London – British Prime Minister Boris Johnson sent a letter to the European Union to formally request a delay for Brexit after Parliament forced his hand — but the letter didn't have his signature. He then sent another letter with his signature saying he thought a delay would be a mistake, BBC News reports.
EU Council President Donald Tusk tweeted that he had received the extension request.
Tusk did not provide details of its content but added that he will now consult EU leaders "on how to react."
Members of Britain's Parliament passed an amendment Saturday that seemingly forced Johnson to ask the EU for a Brexit extension past the current October 31 deadline. Under U.K. law, Johnson is required to either get his deal approved today or seek an extension from the European Union to that end-of-October date, but Johnson vowed to forge ahead.
"I will not negotiate a delay, nor does the law force me to," Johnson said after the result of the vote was announced, adding that he would be putting his Brexit deal up for a vote next week.
It was unclear how he planned to get around the law.
Saturday's session of Parliament was only the fifth time lawmakers have met on a Saturday since the start of World War II.
The "Letwin amendment"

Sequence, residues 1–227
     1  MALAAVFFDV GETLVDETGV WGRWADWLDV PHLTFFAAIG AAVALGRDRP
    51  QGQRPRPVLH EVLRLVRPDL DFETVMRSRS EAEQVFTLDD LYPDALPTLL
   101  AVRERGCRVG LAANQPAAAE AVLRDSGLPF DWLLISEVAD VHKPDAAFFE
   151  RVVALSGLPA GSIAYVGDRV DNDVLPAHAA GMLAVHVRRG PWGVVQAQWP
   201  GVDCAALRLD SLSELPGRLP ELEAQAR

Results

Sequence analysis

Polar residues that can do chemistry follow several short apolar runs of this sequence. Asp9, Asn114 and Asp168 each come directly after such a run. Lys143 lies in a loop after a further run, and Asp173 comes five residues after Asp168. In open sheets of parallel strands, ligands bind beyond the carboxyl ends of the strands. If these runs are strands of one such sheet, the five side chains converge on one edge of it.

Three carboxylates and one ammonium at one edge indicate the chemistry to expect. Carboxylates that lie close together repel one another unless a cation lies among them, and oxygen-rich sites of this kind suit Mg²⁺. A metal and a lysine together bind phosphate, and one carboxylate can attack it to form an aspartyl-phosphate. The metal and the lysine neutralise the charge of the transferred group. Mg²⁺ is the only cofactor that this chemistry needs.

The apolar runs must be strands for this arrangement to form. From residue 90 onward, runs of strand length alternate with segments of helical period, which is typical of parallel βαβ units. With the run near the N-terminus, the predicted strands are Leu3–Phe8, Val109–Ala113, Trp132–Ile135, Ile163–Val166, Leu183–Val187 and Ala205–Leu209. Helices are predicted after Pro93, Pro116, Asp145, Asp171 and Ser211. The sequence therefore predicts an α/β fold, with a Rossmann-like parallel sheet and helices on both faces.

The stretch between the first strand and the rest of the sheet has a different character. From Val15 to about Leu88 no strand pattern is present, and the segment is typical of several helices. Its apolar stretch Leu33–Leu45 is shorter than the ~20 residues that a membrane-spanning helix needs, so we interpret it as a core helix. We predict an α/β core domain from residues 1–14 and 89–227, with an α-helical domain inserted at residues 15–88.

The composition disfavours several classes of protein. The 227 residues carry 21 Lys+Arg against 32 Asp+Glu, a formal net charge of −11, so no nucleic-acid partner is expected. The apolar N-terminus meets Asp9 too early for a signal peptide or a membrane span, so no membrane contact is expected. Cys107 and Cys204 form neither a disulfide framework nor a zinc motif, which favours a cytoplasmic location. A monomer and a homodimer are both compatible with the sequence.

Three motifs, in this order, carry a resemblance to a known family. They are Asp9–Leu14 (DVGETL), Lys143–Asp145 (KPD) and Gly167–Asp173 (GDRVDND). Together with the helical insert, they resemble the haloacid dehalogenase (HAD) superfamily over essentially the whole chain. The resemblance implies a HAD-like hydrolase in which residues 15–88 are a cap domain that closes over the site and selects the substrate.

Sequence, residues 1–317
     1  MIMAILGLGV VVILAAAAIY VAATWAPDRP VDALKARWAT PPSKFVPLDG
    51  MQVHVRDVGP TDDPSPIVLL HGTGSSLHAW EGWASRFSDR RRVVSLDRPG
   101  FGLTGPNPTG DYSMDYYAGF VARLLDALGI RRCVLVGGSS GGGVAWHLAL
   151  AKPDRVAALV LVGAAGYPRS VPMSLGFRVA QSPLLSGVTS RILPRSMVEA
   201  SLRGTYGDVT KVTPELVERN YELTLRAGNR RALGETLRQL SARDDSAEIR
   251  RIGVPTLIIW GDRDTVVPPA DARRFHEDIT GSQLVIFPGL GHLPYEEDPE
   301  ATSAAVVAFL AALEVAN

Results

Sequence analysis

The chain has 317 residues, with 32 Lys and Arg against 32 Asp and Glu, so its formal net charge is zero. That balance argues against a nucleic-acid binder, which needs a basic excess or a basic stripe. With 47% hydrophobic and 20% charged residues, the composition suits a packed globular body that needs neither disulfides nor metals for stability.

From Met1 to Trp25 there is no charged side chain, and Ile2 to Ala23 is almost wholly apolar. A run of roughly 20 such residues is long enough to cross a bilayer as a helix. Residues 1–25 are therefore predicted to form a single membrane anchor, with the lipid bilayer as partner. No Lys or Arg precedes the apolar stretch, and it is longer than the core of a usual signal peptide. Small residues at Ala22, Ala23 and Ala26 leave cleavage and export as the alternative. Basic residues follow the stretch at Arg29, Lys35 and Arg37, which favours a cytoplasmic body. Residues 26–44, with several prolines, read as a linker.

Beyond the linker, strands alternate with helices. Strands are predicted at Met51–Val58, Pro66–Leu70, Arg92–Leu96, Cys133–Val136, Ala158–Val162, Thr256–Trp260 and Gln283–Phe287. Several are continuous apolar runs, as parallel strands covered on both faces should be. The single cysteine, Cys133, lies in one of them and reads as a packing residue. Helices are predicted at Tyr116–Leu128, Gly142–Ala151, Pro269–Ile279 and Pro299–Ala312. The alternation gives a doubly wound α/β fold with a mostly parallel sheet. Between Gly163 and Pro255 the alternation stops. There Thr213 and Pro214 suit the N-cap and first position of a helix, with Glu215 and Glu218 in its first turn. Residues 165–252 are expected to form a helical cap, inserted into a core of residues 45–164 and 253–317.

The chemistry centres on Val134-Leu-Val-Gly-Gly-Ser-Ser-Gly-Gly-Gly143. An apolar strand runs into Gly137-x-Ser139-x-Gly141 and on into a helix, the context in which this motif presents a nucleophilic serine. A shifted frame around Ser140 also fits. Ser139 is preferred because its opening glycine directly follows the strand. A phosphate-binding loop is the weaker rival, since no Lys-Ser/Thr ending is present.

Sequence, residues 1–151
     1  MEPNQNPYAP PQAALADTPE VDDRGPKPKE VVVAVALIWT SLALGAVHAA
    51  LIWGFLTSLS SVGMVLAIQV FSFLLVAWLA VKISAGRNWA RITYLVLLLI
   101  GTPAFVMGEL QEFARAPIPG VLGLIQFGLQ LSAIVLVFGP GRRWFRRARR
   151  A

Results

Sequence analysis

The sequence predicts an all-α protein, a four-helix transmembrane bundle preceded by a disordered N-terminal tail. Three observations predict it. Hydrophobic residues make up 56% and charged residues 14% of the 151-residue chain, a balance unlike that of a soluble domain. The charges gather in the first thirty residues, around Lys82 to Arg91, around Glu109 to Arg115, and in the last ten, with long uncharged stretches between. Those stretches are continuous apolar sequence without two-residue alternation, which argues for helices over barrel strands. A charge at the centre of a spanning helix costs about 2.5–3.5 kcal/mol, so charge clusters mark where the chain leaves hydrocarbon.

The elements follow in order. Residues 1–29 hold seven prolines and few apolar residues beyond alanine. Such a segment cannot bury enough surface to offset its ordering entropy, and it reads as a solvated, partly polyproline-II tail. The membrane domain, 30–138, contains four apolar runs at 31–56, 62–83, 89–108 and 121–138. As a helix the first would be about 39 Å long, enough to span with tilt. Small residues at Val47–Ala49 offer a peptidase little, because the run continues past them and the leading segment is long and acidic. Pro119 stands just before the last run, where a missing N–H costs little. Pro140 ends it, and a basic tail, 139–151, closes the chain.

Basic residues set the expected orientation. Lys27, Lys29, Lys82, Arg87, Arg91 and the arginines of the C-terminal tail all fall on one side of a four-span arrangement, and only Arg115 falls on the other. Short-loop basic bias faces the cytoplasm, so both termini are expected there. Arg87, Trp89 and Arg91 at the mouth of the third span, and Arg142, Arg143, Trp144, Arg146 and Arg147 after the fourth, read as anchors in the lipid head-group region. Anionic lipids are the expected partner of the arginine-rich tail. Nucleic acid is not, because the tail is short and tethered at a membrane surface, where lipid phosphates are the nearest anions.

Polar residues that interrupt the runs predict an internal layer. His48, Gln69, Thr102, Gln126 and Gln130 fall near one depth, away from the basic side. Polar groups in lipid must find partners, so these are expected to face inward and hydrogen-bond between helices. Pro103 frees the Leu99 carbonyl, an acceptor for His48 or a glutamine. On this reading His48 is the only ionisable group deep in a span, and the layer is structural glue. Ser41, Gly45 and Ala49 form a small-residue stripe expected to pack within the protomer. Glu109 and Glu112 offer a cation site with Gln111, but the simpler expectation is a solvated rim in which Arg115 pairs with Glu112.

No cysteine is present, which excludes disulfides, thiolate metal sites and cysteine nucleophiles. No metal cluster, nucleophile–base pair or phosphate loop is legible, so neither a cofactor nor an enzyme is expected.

Some lawmakers are worried that if Johnson's deal passes, the legislation to actually implement it might not be ready by October 31, the date the U.K. would be scheduled to leave the EU. They say there is a possibility the U.K. could be forced, therefore, to exit the European Union "on no-deal terms."
Oliver Letwin, a lawmaker behind the amendment and for whom it is named, said it would — if passed — make sure Britain does not leave the EU at the end of the month, "by mistake if something goes wrong during the passage of the implementing legislation."
"If they wish to avoid a no-deal outcome, the single best thing they could do is vote for this deal tonight," Johnson told lawmakers during debates in the House of Commons on Saturday.
Meanwhile, thousands of people gathered in central London to demand a second public referendum on whether Britain should remain in the European Union.
"I'm here because the only democratic way forward is to ask the British people in a confirmatory referendum: Is this what you really want?" 17-year-old Leo Buckley, who was taking part in the march, told CBS News.
"As a citizen of Europe and a citizen of the future, I would like to stay in the EU," he said.
"I am so against this Brexit business. I'm old enough. I'm 82," Lynne Hall told CBS News. "I've seen what nationalism does."